$5 FIX mk5 EGR cooler diverter leak (hissing)

MPG MASTERS 1

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It doesn't regulate EGR flow, it regulates if the EGR goes through the cooler or bypasses it. The EGR valve itself is what regulates the actual flow.
=Okay, that makes sense, so when it is cool it bypasses to warm engine up quicker.

I have not traced the vacuum line back yet but I believe it must comes from the Turbo vane actuator, that is the only device I see that has a vacuum hose going to it from the N75 valve and the feed from the N75 comes from the valve cover and has no other vacuum hoses in sight. 05.5 Jetta BRM
 

oilhammer

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There are just too many to list....
The BRM has a cluster of vacuum hoses all scrunched behind the valve cover, near the breather heater. The EGR cooler vacuum switching valve is down under all that.
 

V-Rod

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It doesn't regulate EGR flow, it regulates if the EGR goes through the cooler or bypasses it. The EGR valve itself is what regulates the actual flow.
So is that why sometimes the egr cooler Leaks and sometimes it doesn't ?? When egr gas bypasses, it hisses but when it goes threw the cooler it doesn't ?
 

oilhammer

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There are just too many to list....
It is ALWAYS going through the cooler, so long as the EGR valve is open. It is just a question of if it is going through the internal bypass of the cooler, or the cooled passage. If you cut one open, you'll see what I mean. Lots of people over think this.

The "hiss" changes more based on EGR demand, not actual cooler demand, and is also linked to turbo position, since the EGR passage out of the exhaust manifold is, like all TDIs with this type of EGR, before the turbine wheel. So when high boost is demanded, there will be high(er) pressure in the exhaust manifold (rule of thumb is 150% of intake pressure, that's why EGRs work even on turbodiesels).

While I am quick to diagnose a leaky EGR cooler on a BRM because I've probably heard 1000 bad ones, the easy way to tell is by letting the engine idle for a minute. While the engine is at idle, the EGR is open, flowing, and there is low boost. ECU is toggling the throttle valve and EGR valve based on MAF values to keep the EGR under control. The hissing will be minimal at this point. After a couple minutes of idle time, the EGR shuts (ECU sees engine cooling down, low(er) NOx output, no need for EGR... this is a typical EGR strategy for diesels). When this happens, the exhaust pressure is now higher... because the "relief valve" pre turbine wheel in the exhaust has just shut. So the hiss will increase in noise. Keep in mind, the engine has been at a rock steady idle RPM the whole time. Blip the accelerator, EGR opens again, hiss dies back down.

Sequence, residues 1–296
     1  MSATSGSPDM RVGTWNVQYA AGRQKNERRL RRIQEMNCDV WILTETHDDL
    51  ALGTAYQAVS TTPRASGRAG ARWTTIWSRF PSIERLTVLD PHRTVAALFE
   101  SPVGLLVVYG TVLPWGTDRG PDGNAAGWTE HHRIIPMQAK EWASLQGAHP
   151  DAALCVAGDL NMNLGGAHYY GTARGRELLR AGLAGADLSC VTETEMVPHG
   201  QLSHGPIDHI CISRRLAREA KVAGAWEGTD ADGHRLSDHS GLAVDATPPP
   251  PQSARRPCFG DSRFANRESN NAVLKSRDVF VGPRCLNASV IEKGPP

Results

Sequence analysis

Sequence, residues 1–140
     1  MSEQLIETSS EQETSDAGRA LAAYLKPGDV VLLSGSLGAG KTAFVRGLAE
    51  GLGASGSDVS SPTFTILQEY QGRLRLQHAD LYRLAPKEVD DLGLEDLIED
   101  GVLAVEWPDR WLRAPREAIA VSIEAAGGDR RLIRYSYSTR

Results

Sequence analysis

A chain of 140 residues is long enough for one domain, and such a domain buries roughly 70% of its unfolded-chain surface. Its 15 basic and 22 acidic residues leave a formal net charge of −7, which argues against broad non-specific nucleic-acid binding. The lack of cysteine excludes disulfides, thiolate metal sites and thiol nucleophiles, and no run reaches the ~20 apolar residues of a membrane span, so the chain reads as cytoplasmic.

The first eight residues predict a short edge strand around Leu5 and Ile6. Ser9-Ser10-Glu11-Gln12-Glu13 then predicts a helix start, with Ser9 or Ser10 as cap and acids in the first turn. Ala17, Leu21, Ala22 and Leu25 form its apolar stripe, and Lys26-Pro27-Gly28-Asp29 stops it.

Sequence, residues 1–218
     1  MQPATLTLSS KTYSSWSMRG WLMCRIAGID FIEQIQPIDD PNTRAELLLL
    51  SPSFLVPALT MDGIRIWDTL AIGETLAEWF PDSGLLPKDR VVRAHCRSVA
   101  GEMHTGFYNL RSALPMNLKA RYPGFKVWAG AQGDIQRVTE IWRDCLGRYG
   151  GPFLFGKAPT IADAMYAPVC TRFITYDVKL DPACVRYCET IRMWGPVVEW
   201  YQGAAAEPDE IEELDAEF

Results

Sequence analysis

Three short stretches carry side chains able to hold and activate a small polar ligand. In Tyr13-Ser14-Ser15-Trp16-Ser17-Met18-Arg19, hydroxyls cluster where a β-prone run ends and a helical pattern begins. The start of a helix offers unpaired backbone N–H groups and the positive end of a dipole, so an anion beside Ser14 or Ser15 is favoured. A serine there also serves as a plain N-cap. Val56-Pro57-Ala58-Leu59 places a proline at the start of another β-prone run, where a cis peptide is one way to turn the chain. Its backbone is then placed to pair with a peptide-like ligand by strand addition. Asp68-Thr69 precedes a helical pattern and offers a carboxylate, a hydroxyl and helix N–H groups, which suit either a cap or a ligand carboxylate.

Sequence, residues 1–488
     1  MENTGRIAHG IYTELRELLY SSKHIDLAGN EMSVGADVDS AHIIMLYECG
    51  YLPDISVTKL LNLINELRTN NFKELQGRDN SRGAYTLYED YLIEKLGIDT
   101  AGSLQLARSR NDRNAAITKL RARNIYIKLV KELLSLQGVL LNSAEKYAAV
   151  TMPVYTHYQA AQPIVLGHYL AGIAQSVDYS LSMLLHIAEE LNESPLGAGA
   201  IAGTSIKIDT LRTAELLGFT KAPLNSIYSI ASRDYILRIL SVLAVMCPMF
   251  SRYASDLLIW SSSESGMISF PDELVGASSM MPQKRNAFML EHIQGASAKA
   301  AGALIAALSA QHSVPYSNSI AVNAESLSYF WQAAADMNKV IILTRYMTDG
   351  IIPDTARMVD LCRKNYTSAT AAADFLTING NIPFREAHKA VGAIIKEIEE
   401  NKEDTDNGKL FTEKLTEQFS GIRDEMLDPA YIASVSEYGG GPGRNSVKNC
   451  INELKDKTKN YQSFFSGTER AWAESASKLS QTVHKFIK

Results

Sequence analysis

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MPG MASTERS 1

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Breather Heater?

The BRM has a cluster of vacuum hoses all scrunched behind the valve cover, near the breather heater. The EGR cooler vacuum switching valve is down under all that.
=You mean their are more vacuum lines coming from the valve cover lower that the one in the rear? I will loof seeper. The engine does go through a deeper throughtier sound if I let the vacuum line suck free air but when I put my fingure over the open line it is deffinetly a louder sound. Never heard any hissing but I tried the zip tie mod and deffinetly getting better responce but think I snitched it up a little to much. Have 103,000 miles and some shops say I need a new turbo. How they make that claim is still unknown to me. Thanks for your great explinations.
 

oilhammer

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Well, if they know the BRM, they know the issue with the worn turbo stop/vanes that those BW units are famous for. Some are worse than others, and some get so bad that I don't see how people can drive them in any sort of traffic.

There is a vacuum diagram under the hood. There are only two items on the BRM that use vacuum besides the brake booster: the turbocharger and the cooler flap. They have no dual-path intake, and the EGR and throttle are both electric. So it is a pretty simple system. Volkswagen just made the placement of some of the items kind of awkward.
 

MPG MASTERS 1

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Well, if they know the BRM, they know the issue with the worn turbo stop/vanes that those BW units are famous for. Some are worse than others, and some get so bad that I don't see how people can drive them in any sort of traffic.
There is a vacuum diagram under the hood. There are only two items on the BRM that use vacuum besides the brake booster: the turbocharger and the cooler flap. They have no dual-path intake, and the EGR and throttle are both electric. So it is a pretty simple system. Volkswagen just made the placement of some of the items kind of awkward.
=I have heard alot about the cam issue but not the turbo / vane issue. I quess without taking it off and apart it is hard to confirm the damaged parts. I get good power but my mpg seems lower when I start from a stop. Meaning I use to see mpg in the high teens to mid 20's but now it shows in the single digits. Normal start not heavy foot. The tie wrap trick helps. N75 shows 28-29" vacuum entering and at idle 18-19" going to the turbo. Heavy acceleation it shows about 5" so it seems to be working okay.

Their is some exhaust gasses coming out of the turbo vane rod that enters the casting that moves the vane ring but I would think that would be normal since their is no seal for that shaft. The mechanic said because of that exhaust leak, he can not reset the turbo full open stop.